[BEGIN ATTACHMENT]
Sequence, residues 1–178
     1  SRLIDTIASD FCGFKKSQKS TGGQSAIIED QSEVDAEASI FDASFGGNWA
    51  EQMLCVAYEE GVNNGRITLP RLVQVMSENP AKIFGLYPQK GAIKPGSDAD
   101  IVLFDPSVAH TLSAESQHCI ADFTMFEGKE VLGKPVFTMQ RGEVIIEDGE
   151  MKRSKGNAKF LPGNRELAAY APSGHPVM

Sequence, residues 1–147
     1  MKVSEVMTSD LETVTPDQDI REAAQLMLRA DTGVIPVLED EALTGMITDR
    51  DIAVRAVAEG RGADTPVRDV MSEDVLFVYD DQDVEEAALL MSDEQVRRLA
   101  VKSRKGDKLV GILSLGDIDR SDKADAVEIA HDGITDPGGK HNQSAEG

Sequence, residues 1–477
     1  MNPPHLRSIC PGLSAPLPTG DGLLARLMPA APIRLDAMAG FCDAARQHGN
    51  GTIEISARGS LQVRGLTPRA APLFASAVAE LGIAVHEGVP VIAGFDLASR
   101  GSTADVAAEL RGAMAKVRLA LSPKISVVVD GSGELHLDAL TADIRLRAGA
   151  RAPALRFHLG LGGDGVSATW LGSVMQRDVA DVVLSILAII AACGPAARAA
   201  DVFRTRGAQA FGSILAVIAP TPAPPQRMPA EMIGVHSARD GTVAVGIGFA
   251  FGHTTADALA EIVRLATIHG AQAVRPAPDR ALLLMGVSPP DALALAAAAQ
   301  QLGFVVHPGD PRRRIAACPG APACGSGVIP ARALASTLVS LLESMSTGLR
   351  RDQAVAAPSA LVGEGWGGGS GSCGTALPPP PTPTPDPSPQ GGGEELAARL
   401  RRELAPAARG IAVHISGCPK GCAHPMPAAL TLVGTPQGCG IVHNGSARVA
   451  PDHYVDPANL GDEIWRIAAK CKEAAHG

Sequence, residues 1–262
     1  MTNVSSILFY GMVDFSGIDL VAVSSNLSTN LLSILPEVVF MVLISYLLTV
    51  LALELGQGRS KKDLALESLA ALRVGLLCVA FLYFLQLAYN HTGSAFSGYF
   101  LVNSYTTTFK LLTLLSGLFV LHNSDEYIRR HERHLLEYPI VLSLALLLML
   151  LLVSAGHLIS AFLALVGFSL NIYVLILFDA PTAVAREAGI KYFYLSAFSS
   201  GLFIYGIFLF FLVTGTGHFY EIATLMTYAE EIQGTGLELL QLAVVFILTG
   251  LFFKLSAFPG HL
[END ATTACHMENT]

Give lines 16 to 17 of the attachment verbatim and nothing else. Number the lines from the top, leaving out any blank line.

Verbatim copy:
   251  FGHTTADALA EIVRLATIHG AQAVRPAPDR ALLLMGVSPP DALALAAAAQ
   301  QLGFVVHPGD PRRRIAACPG APACGSGVIP ARALASTLVS LLESMSTGLR